The Blues, Jazz & Folk Music Society presents their annual “River City Blues Festival”  Friday, March 19th and Saturday, March 20, 2010 at the Lafayette Hotel, on the river in downtown Marietta. On Friday the lineup includes Shaun Booker and The Kinsey Report. On Saturday the show features
the BITS Band/”High Schools That Rock”, the 2010 BJFMS Blues Competition Winners, Tokyo Tramps, Lionel Young, Zac Harmon Band, The Teeny Tucker Band and Kenny “Blues Boss” Wayne.

For more information visit or  contact Steve Wells at  or (304) 295-4323

The Friends Of The Blues - Watseka, IL

Spring 2010 Friends of the Blues shows- April 13 - Perry Weber & DeVilles, 7 pm , Kankakee Elks Country Club, April 17 - Joel Paterson Trio, Kankakee Valley Boat Club (“Rockin’ the River”), April 20 - Too Slim and the Taildraggers, 7 pm , Bradley Bourbonnais Sportsmen’s Club, June 22 - Al Stone, 7 pm , River Bend Bar & Grill. For more info see: 

Illinois Central Blues Club - Springfield, IL

BLUE MONDAY SHOWS - Held at the Alamo 115 N 5th St, Springfield, IL (217) 523-1455 every Monday 8:30pm $3 cover. March 29 - The Kilborn Alley Blues Band - CD Release Party, April 5 - Motor City Josh, April 12 - Perry Weber and the Devilles,  April 19 - Too Slim & the Taildraggers

River City Blues Society - Peoria, IL

The River City Blues Society has started booking more of their weekly Blues shows. The shows start at 7:00pm at Good Fellas Pizza and Pub, 1414 N 8TH St Pekin, IL. Admission for all shows is $4 or $3 for RCBS members. Shows currently scheduled are:  Thursday April 1st - Motor City Josh.


Festival & CD Advertising Special $180

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Blues Blast Magazine is a great way to promote your new Blues music release or an upcoming festival or Blues show. More than 15,000 Blues fans read our magazine each week. They are located in all 50 states and in more than 80 countries. Our website is also a great place to advertise. We get 20,000 visitors and more than 1,000,000 hits a month on our website.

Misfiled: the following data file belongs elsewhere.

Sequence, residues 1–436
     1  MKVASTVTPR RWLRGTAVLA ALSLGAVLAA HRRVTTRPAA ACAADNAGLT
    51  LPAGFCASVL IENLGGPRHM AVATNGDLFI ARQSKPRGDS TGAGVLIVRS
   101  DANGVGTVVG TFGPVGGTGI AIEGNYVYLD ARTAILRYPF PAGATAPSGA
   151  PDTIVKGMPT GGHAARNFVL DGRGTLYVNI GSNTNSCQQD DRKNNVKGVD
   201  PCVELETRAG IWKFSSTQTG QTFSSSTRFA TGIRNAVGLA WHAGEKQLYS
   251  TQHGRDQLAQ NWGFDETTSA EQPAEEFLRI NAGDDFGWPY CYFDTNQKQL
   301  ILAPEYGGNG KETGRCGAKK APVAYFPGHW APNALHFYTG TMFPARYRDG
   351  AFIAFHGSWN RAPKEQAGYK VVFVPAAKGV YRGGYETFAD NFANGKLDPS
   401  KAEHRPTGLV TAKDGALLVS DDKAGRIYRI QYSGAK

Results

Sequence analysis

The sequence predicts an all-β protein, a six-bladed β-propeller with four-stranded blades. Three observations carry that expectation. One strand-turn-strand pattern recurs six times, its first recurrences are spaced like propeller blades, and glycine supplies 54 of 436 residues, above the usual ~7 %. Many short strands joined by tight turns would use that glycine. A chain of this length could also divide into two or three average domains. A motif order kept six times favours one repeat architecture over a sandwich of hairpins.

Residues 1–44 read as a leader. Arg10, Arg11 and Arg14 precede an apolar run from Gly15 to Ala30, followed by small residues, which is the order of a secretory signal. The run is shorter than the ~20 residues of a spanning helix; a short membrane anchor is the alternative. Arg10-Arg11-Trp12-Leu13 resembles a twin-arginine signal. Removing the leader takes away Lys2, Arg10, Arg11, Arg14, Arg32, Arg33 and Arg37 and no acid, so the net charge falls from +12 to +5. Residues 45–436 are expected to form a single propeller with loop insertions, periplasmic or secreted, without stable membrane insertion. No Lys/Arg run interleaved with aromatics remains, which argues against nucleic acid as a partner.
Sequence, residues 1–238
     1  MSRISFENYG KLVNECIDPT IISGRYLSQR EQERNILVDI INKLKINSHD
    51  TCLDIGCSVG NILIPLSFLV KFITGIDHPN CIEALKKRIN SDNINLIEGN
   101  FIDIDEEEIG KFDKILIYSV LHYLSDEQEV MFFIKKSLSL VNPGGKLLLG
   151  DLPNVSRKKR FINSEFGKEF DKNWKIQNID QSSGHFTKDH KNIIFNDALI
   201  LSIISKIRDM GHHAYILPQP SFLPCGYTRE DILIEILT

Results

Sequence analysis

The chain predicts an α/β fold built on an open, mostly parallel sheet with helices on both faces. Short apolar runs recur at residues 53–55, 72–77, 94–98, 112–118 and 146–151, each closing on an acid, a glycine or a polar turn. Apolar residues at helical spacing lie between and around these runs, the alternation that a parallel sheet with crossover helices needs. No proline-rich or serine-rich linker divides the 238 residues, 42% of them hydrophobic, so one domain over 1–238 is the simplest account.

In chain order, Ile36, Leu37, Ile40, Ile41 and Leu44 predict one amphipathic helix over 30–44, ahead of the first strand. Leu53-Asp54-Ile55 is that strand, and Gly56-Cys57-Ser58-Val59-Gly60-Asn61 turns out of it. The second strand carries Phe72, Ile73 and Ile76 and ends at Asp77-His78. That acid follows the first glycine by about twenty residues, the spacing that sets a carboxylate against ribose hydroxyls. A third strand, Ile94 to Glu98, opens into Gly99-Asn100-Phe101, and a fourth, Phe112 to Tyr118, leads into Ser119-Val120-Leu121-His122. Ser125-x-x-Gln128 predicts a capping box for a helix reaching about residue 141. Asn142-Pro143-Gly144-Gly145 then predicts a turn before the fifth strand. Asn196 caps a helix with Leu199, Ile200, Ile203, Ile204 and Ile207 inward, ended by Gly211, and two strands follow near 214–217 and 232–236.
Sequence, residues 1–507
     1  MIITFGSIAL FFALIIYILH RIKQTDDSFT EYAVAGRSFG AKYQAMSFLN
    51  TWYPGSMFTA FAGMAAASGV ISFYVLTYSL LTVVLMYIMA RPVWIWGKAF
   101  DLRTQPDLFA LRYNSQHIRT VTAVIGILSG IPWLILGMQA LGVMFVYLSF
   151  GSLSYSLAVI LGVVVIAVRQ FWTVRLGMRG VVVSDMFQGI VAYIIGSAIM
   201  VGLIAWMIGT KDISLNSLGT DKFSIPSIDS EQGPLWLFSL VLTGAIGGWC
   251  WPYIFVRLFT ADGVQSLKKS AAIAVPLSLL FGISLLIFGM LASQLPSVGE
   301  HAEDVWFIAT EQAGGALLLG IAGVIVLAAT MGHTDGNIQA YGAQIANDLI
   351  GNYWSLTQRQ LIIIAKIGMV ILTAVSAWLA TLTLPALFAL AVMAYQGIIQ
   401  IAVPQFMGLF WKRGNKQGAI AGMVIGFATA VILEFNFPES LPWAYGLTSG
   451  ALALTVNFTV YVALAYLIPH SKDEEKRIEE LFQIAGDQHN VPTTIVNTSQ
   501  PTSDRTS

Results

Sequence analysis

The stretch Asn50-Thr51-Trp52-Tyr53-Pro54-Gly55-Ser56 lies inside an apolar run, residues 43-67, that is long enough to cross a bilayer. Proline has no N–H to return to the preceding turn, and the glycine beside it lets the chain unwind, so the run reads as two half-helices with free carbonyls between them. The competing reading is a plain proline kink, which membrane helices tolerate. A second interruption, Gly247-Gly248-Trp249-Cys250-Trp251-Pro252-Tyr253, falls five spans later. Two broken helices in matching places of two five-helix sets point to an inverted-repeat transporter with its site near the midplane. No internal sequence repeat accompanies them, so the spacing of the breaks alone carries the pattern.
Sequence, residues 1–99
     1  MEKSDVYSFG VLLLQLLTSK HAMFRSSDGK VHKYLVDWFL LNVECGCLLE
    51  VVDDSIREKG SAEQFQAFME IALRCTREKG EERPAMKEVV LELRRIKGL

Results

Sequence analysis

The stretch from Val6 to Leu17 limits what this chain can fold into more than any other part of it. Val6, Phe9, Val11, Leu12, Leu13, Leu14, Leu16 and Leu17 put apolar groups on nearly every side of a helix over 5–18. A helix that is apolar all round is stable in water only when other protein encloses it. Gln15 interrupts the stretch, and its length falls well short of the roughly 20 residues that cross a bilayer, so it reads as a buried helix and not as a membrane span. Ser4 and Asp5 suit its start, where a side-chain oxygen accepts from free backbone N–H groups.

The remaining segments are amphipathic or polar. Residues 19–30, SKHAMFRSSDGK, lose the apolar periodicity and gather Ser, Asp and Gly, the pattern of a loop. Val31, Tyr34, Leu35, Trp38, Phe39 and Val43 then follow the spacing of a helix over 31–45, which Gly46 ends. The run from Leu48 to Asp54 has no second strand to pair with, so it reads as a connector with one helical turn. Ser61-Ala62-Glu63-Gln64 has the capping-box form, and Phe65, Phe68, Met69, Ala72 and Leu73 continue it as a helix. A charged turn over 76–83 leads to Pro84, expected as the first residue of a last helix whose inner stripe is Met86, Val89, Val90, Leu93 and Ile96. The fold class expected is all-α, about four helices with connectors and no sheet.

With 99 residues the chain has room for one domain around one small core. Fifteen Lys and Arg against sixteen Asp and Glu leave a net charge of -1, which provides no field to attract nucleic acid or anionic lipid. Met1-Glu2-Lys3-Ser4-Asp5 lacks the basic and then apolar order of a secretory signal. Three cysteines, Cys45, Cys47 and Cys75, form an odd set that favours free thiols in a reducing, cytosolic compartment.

Our cost effective advertising really "Gets The Blues Word Out"! Times are hard and Blues music is the Music for the times! So Blues Blast Magazine is offering  "recession prices" on festival and CD advertising with our $180 Recession Blues combo. (A $375 value)

Our 6 week combo rate allows you to affordably add significant impact to your ad campaign.  Normal 2010 Advertising rates are $45 a week for Blues Blast magazine ads. Website ads are $70 per month.

BUT, for a limited time, you can advertise your Blues event or CD for six weeks in both Blues Blast Magazine and on our website for $180. Your ad can be seen more than 125,000 times by Blues fans who want to know about Blues events and music! Reserve your space today!

To get our special combo rate simply reserve your ad space by March 31st, 2010.

Ads must be reserved before March 31st, 2010 but can be used for any dates in 2010. Space is limited during some summer festival season times and will be sold on a first come first served basis.

For complete details CLICK HERE or email or call 309 267-4425


 Featured Blues Review 4 of 5

Johnny Charles - Stratified

Blues Leaf Records

10 tracks; 41.12 minutes

Johnny Charles is based in New Jersey and this is his third CD, his second for Blues Leaf Records, also based in NJ but perhaps best known for issuing Janiva Magness’ early and Albert Castiglia’s recent CDs. The band is bass, drums and keys behind Johnny’s guitar and the vocals (on just two tracks) are handled by ‘Nasty Ned’! I was not familiar with any of the names of the supporting players, apart possibly from Rob Kondor who may well be the same guy who played keys on Clapton’s “Journeyman” back in 1991 and features on two tracks here.